By Raoul Lowery Contreras
Perhaps the worst damage on America by the fading Covid pandemic has been its effect on our children and the masses of college students that were kept out of the nation’s classrooms.
The worst damage, of course, was on K-12 kids that were kept home. Some, of course, managed some studies online and some by home schooling. Overall, however, K-12 students were cheated, especially in the country’s economically disadvantaged and particularly in states that are normally in the lower half of educational achievement.
That lower third is markedly noticeable in the lower half of uneducated states and are, generally, from three distinctive groups, poor whites, Blacks and Hispanic children, teens and twentysomethings.
The United States as a whole has bettered the country’s educated standing in the past 80 years but huge gaps still exist.
On the eve of World War II, the 1940 Census calculated that only 3% of the country’s population was college educated. That improved to 10% in the 1960s and 33.1% in 2019.
Example of improvement, the Mexican American population of over 40,000,000, has dramatically improved graduation rates and, in California, has displaced non-Hispanic whites in college matriculation, second to the state’s Asian community.
Nonetheless, there are states in the U.S. where education lags behind; they are dragging the country down.
Here are the 25 states that are the least educated of the 50 states, as noted in “24/7 Wall St.” The list was compiled by Sarah Burns.
The worst states: #50 – Oklahoma, #49 – Nevada,
#48 – Louisiana, #47 – Arizona, #46 – Mississippi,
#45 – New Mexico, #44 – Idaho, #43 – West Virginia,
#42 – Alaska, #41 – Alabama, #40 – Arkansas,
#39 – South Carolina, #38 – Texas, #37 – Wyoming, #36 – Florida, #35 – South Dakota,
#34 – Georgia, #33 – North Dakota,
#32 – Tennessee, #31 – North Carolina,
#30 – Indiana, #29 – Ohio, #28 – Montana,
#27 – Kentucky, #26 – Hawaii, #25 -Michigan…
Of these 25 states, 20 have several commonalities:
They are generally the most politically conservative states; they are generally poorer than the better educated states; they generally have large minority, mostly Black, populations (though four have substantial Hispanic numbers); most are rural-dominated states; most do not have large cities and most are Protestant dominated.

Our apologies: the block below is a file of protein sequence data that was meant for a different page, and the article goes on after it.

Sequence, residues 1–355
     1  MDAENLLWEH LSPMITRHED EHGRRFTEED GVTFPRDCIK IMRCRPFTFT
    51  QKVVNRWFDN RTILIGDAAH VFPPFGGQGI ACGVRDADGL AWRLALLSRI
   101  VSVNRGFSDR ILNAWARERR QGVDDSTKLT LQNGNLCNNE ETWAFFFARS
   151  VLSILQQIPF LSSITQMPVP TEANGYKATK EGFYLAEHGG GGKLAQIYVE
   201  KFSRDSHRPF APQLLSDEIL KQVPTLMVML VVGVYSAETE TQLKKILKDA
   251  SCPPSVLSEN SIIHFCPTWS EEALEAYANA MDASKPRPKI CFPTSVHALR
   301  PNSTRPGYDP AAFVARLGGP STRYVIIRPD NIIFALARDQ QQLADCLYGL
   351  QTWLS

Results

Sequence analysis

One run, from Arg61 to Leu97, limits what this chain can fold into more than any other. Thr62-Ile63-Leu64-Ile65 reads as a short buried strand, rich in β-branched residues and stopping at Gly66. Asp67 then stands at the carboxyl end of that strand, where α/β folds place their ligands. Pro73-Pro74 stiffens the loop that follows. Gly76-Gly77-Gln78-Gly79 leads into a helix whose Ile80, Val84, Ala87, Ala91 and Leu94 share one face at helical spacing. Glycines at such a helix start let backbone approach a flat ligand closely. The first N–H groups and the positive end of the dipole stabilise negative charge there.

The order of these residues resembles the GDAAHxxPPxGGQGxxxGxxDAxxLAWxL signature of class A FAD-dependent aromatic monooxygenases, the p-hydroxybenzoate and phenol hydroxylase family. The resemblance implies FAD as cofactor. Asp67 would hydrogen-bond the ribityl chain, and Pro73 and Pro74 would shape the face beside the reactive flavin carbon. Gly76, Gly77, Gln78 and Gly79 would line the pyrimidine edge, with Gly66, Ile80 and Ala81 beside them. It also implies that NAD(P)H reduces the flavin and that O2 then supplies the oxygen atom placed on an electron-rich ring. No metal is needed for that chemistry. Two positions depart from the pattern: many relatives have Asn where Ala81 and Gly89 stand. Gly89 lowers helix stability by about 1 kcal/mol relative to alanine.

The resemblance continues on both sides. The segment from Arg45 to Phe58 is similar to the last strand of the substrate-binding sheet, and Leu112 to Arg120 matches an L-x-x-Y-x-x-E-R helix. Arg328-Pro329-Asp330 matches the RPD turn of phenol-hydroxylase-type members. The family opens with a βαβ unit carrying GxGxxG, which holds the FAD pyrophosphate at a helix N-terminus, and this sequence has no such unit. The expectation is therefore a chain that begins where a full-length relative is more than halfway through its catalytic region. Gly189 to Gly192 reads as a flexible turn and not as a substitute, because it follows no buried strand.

Among these 20 similar states, one commonality that stands out is that they voted for Donald J. Trump in 2020. Another is that most have lower standards of living. Illicit drug usage is high and in some states like West Virginia, Ohio and surrounding states, have extremely high opioid death rates.
And though less-educated states could be expected to have poorly prepared and educated workers, South Carolina, Tennessee, Alabama and Mississippi have blossomed into automobile manufacturing centers despite their educational systems being below the national experience.
Two, Arizona and Texas, have huge worker populations devoted to trade with Mexico; Texas, the traditionally worst state for Mexican-origin people to live in, is happily trading over 100 billion dollars-a-year in goods and services with Mexico.
Despite that gigantic trade with Mexico, Texas voted for Trump who vigorously vilified the basis for Texas trade with Mexico, the North American Free Trade Agreement (NAFTA), the very agreement that made Texas a trade giant.
These 25 states are collectively limiting U.S. productivity and more prosperity.
These states must improve their education. A better education can lift the country higher than ever imagined.
How to do it is the problem. Education is not a federal responsibility. The result is that Washington sends only a small amount of funding to the states and localities that are responsible for education.
Some states on the list prohibit the use of federal funds on private and parochial schools and others are — pushed as they are by teacher unions — limiting charter schools. These limitations and prohibition of public money on children in private and parochial schools must end.
Aid and expenditures should be based on individual students. National standards should be implemented so that any child in West Virginia or Oklahoma should be exposed to far better educations their cousins might receive in Massachusetts or Connecticut.
Money and national standards are the keys. Kids want to learn. It is our duty to teach them. No matter the cost.
There should be no states with inferior education, none. The states that do have inferior education should fire and replace their legislatures and governors — Period!
Raoul Lowery Contreras is a United States Marine veteran, political consultant and the author of “The Armenian Lobby & American Foreign Policy” and “The Mexican Border: Immigration, War and a Trillion Dollars in Trade.” And, “A Hispanic View of President Donald J. Trump.” He hosts “The Contreras Report” on Youtube and Facebook…